Fig. 8

Sections of the 300 MHz 1H-NMR spectra of racemic 2b,b’ in the absence (a) and in the presence of Δ-trisphat (6) 〚0.75 equiv (b), 1.25 equiv (c) and 2.5 equiv (d)〛. The * symbol designates the protons attributed to 〚n-Bu4N〛-group.

Pursuing our NMR experiments we chose to study the 〚Cp*Ir(2-i-Pr-phenoxo)〛 〚BF4〛 (2c), which has a bulky group attached at C-2, and hence the influence of the trisphat anion might be reduced. Addition of aliquots of 〚n-Bu4N〛 〚Δ-trisphat〛 (6) to a CD2Cl2 solution of complex 2c was carried out and the NMR spectra were recorded. A higher amount of trisphat equiv (ca 2.5) was required to induce the beginning of a change in the NMR signals (Fig. 9). Interestingly, the two diastereotopic Me-groups of the 2-i-Pr behaved differently; for instance, at 5 equiv of trisphat, one of them was nearly completely split, while the other Me-group started to split into two twin signals (Fig. 7). These results suggest that the trisphat anion interaction is effective but less specific, compared to what was observed with complexes 2a,b (Fig. 9). In addition, the difference in behaviour between the two methyl groups suggests that ion-pair interaction is different for every methyl group of the i-Pr moiety.

Fig. 9

Sections of the 300 MHz 1H-NMR spectra of racemic 2c, in the absence (a) and in the presence of Δ-trisphat (6) 〚0.75 equiv (b), 1.25 equiv (c) and 2.5 equiv (d)〛.

3 Concluding remarks

In this paper we have shown that the trisphat anion is an efficient chiral reagent to differentiate between the two enantiomers of cationic rhodium and iridium phenoxo complexes 〚Cp*M(2-alkyl-phenoxo)〛 〚BF4〛 (2a–c). We feel that the cationic nature of these compounds is important for the differentiation process. Future efforts are under way to resolve these enantiomers and to deprotonate them in view of obtaining pure o-QM complexes.

4 Experimental section

4.1 Synthesis of 〚Cp*M(2-alkyl-phenoxo)〛 〚BF4〛 (2a–c)

These complexes were prepared according to previously described procedures 〚14–16〛.

4.2 Synthesis of 〚n-Bu4N〛 〚Δ-trisphat〛 (6)

This chiral shift reagent was prepared according to Lacour’s procedure 〚17〛.

4.3 Typical procedure for the NMR chiral shift experiment with the cationic rhodium and iridium complexes (2a–c)

0.02 mmol of the required 2-alkyl-phenoxo complex was dissolved in 500 μL of CD2Cl2 and the spectrum was recorded. Then aliquots of 0.25 equiv of the 〚n-Bu4N〛 〚Δ-trisphat〛 (6) salt were added and the spectrum was systematically recorded.

Acknowledgements

We would like to thank CNRS and UPMC for supporting this work.


References

[〚1〛] H.U. Wagner; R. Gompper The Chemistry of the Quinonoid Compounds (S. Patai, ed.), Wiley, New York, 1974, p. 1145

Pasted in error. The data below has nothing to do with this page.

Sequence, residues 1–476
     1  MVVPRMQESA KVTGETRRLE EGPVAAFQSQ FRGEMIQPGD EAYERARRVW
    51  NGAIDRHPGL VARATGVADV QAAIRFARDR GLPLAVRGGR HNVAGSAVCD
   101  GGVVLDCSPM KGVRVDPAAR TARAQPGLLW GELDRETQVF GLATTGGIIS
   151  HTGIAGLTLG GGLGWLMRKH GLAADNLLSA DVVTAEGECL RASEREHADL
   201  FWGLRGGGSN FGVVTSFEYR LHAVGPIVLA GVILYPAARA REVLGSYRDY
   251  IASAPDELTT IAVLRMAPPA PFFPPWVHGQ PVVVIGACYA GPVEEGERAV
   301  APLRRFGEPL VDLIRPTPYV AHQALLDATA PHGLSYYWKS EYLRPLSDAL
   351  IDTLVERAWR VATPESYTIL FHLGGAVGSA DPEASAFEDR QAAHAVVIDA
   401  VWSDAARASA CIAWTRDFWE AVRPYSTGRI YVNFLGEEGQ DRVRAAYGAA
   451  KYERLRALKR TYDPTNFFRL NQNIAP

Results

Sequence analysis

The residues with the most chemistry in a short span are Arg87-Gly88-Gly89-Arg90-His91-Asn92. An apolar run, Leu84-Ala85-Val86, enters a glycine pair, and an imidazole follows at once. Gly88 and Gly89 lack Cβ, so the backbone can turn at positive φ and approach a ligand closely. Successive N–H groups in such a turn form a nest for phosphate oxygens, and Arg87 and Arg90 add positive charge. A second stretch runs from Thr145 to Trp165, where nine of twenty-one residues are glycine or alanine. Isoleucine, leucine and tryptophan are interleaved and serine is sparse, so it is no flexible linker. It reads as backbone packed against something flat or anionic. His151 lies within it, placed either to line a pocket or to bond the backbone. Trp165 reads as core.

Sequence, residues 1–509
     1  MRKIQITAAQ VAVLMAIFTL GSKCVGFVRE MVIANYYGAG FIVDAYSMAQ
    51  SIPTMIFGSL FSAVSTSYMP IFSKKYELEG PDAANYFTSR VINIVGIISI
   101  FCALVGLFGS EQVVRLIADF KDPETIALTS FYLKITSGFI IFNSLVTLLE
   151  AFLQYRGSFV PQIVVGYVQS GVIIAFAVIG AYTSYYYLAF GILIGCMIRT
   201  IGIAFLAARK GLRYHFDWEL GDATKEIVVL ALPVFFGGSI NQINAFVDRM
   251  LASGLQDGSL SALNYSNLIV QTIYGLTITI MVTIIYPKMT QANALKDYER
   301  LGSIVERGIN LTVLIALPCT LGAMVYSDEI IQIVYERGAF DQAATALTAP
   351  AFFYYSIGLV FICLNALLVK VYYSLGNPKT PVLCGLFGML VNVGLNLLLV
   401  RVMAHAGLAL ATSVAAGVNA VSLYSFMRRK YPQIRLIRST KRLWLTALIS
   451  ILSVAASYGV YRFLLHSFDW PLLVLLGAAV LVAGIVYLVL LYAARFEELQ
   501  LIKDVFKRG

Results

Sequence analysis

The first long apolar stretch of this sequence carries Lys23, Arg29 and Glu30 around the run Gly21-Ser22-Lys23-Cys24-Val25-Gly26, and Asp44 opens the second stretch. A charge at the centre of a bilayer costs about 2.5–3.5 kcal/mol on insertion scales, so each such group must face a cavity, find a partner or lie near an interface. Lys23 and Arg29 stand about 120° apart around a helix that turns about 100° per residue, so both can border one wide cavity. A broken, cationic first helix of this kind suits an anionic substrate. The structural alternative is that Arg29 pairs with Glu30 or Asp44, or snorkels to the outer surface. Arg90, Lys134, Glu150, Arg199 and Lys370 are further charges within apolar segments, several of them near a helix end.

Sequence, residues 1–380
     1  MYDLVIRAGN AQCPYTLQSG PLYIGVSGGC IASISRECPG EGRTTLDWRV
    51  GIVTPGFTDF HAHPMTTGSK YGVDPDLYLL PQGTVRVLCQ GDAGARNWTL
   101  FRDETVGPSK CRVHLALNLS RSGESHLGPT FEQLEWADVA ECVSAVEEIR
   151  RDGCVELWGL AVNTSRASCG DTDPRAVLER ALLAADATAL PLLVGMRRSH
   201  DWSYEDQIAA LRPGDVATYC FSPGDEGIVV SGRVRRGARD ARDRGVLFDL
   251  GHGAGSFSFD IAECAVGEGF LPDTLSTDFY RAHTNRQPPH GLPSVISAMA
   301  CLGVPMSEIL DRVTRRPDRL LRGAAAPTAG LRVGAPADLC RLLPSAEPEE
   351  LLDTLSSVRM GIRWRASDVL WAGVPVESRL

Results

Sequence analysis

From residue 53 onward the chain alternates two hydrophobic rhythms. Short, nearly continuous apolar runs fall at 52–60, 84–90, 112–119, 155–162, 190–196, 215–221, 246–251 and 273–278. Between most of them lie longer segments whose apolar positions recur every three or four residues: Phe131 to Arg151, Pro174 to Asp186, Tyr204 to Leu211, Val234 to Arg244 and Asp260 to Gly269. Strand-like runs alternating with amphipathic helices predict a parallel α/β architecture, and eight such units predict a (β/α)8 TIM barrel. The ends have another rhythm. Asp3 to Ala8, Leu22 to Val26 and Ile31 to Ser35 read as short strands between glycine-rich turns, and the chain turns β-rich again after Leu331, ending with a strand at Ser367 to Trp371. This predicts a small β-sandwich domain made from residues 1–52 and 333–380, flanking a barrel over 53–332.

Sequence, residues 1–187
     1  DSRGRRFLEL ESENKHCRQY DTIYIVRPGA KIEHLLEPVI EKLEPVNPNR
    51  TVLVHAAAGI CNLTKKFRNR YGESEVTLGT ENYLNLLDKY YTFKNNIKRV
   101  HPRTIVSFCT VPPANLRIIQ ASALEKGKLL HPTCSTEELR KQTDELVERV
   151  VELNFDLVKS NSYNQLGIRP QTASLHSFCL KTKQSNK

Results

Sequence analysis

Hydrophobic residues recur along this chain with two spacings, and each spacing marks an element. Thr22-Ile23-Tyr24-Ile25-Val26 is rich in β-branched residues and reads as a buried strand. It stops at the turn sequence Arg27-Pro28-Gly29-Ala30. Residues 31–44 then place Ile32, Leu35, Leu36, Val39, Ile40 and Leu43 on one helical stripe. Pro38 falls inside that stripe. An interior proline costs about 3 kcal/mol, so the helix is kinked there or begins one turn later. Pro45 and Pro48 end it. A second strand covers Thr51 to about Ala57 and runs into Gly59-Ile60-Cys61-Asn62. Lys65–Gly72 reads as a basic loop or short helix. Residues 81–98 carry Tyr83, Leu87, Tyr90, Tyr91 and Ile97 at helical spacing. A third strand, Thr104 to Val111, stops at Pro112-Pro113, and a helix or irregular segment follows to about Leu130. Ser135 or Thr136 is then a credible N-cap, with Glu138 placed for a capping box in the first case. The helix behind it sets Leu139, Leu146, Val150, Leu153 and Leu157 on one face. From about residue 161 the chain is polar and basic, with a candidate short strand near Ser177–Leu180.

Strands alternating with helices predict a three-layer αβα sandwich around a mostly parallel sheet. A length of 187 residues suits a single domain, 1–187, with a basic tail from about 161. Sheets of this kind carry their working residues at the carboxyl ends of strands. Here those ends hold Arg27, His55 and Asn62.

[〚2〛] P. Wan; B. Barker; L. Diao; M. Fischer; Y. Shi; C. Yang Can. J. Chem., 74 (1996), p. 465

[〚3〛] G. Desimoni; G. Tacconi Chem. Rev., 75 (1975), p. 651

[〚4〛] D.L. Boger; S.N. Weinerb Hetero Diels–Alder Methodology in Organic Synthesis, Academic Press, New York, 1987

[〚5〛] M. Tomasz; A.K. Chawla; R. Lipman Biochemistry, 27 (1988), p. 3182

[〚6〛] M. Egberston; S.J. Danishefsky J. Am. Chem. Soc., 109 (1987), p. 2204

[〚7〛] A. Ouyang; E.B. Skibo J. Org. Chem., 63 (1998), p. 1893

[〚8〛] C.L. McIntosh; O.L. Chapman J. Chem. Soc., Chem. Commun. (1971), p. 771

[〚9〛] V. Eck; A. Schweig; H. Vermeer Tetrahedron Lett., 27 (1978), p. 2433

[〚10〛] M. Letulle; P. Guenot; J.L. Rippol Tetrahedron Lett., 32 (1991), p. 2013

[〚11〛] H. Tomioka Pure Appl. Chem., 69 (1997), p. 837

[〚12〛] H. Tomioka; T. Matsushita Chem. Lett., 5 (1997), p. 399

[〚13〛] G.G.H. Qiao; K. Lenghaus; D.H. Solomon; A. Reisinger; I. Bytheway; C.J. Wentrup Org. Chem., 63 (1998), p. 9806

[〚14〛] H. Amouri; Y. Besace; J. Le Bras; J. Vaissermann J. Am. Chem. Soc., 120 (1998), p. 6171

[〚15〛] H. Amouri; J. Vaissermann; M.N. Rager; D.B. Grotjahn Organometallics, 19 (2000), p. 1740

[〚16〛] H. Amouri; M.N. Rager; J. Vaissermann; D.B. Grotjahn Organometallics, 19 (2000), p. 5143

[〚17〛] J.G. Planas; D. Prim; E. Rose; F. Rose-Munch; D. Monchaud; J. Lacour Organometallics, 20 (2001), p. 4107

[〚18〛] H. Ratni; J.J. Jodry; J. Lacour; E.P. Kundig Organometallics, 19 (2000), p. 3997

[〚19〛] J. Lacour; C. Ginglinger; C. Grivet; G. Bernardinelli Angew. Chem. Int. Ed. Engl., 36 (1997), p. 608

[〚20〛] H. Amouri; R. Thouvenot; M. Gruselle; B. Malézieux; J. Vaissermann Organometallics, 20 (2001), p. 1904

[〚21〛] M. Otto; B.J. Boone; A.M. Arif; J.A. Gladysz J. Chem. Soc., Dalton Trans., 1218 (2001) (and references therein)

[〚22〛] K. Schologl Top. Curr. Chem., 125 (1984), p. 29


Comments - Policy